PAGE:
Clockwise from top left: Fran Hughes, Steve Prendeville, Tim Lane and Paul Black.

If you’re contemplating taking on an investor in your advice firm, bolstering the value is critical.

Whether you’re looking to sell your business, take on equity partners or you perhaps want to implement a succession plan, there are steps you can take to making an advice firm more attractive to other investors.

Firstly, bear in mind that a well-run business will attract a higher valuation and new investors, Fran Hughes of Nexia Perth says.

To get your advice firm ready for sale, make sure you have clear systems and processes in place that are documented to create efficiencies. This in turn should reflect in a high quality compliance rating, Hughes says.

New investors are looking for a return on investment and willing to pay a higher multiple on profitable businesses. A benchmark to strive for of earnings before tax is upwards of 30 per cent, she adds.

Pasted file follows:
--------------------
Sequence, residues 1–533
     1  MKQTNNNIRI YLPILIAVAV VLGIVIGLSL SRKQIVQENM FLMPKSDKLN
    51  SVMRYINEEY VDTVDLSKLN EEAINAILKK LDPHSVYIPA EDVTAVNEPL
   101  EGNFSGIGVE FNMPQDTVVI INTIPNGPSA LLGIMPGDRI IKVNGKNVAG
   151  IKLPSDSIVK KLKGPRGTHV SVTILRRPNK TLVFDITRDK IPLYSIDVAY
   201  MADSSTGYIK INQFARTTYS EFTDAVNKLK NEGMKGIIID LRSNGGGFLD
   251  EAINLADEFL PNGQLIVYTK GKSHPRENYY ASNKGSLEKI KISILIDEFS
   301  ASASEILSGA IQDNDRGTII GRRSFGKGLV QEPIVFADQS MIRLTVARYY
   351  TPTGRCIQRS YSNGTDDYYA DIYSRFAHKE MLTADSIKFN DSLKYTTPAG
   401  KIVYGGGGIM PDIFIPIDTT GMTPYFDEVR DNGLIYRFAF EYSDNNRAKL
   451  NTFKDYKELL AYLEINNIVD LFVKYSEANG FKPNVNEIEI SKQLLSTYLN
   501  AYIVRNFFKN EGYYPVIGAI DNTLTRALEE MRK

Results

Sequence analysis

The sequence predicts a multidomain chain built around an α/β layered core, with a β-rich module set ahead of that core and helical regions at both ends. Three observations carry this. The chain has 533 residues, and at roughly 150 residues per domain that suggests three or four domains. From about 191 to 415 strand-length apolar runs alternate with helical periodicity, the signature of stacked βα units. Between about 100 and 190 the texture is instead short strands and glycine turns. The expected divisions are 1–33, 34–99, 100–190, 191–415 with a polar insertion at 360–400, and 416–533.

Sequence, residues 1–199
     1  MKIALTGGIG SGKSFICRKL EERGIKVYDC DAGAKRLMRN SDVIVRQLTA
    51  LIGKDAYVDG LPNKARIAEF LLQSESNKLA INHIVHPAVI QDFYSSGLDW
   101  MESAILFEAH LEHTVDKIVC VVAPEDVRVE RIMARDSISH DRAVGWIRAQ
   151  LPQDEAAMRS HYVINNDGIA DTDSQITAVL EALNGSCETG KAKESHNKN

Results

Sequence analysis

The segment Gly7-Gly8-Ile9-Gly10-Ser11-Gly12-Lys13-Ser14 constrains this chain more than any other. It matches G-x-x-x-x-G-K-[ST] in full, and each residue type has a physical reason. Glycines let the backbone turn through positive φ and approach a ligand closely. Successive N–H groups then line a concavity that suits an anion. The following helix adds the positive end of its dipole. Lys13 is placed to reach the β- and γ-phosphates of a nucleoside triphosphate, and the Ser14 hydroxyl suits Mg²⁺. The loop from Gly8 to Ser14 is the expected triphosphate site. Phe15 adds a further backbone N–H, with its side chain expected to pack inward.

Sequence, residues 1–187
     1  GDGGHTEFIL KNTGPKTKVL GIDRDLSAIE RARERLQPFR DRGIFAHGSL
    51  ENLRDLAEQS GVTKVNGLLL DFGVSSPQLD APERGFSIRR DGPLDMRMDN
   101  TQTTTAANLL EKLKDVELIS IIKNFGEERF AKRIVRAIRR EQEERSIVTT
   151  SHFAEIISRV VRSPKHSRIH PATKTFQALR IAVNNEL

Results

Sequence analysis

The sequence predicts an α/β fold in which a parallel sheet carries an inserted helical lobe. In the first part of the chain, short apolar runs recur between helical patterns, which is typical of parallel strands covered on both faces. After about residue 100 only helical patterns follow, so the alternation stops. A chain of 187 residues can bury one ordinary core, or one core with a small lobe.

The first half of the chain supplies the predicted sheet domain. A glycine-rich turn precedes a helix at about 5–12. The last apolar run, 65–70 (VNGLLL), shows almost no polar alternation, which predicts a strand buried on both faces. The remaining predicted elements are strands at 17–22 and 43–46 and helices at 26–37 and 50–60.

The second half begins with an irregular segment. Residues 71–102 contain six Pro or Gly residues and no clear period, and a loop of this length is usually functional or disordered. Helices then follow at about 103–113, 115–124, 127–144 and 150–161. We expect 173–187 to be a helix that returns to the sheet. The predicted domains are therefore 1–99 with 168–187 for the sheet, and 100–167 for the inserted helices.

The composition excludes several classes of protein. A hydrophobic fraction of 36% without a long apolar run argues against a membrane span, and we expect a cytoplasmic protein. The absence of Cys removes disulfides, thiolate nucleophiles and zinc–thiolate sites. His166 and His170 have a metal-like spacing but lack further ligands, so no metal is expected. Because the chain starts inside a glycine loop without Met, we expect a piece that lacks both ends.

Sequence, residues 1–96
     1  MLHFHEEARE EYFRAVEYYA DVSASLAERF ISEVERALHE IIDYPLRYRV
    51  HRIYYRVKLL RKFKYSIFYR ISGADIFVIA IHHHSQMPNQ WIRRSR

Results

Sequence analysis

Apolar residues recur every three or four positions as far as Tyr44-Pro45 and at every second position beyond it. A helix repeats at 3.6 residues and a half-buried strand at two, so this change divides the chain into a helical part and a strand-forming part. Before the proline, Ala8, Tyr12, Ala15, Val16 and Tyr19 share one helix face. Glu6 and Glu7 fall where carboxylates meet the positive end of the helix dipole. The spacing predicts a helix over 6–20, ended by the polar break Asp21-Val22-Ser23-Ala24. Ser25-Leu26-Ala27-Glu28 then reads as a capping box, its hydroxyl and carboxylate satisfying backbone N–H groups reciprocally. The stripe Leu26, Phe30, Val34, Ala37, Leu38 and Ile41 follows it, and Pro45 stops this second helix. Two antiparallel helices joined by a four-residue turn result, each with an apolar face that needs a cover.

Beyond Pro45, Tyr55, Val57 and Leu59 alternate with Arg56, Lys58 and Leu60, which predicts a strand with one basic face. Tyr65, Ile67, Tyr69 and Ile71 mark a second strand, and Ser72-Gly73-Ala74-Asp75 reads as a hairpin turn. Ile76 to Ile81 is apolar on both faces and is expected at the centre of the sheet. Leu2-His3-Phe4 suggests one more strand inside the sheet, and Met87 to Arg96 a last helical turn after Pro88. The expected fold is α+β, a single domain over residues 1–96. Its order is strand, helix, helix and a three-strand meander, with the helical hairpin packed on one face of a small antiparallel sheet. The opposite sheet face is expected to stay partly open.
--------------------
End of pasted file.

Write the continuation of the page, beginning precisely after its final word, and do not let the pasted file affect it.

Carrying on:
“Seek the right buyer that will fit your business – individual, strategy or professional buyers,” Hughes tells Professional Planner.

“Individual buyers may be other financial buyers seeking a client book to bulk up their existing advisory firm. Strategic buyers may be existing shareholders within the advice firm that you may wish to acquire your shares. Professional buyers are private equity groups or aggregators driven by strong financial returns.”

Investing in advice practices has become an attractive proposition since the fallout of the Hayne royal commission has simmered.

Overseas investors are looking to get into Australia’s advice market, either directly as in the case of Koda Capital or via proxy as is the case with Italian-backed AZ NGA which holds capital in almost 100 advice and accounting practices.

Even domestically, licensees like Count, Diverger and Sequoia have all started taking stakes in advice practices.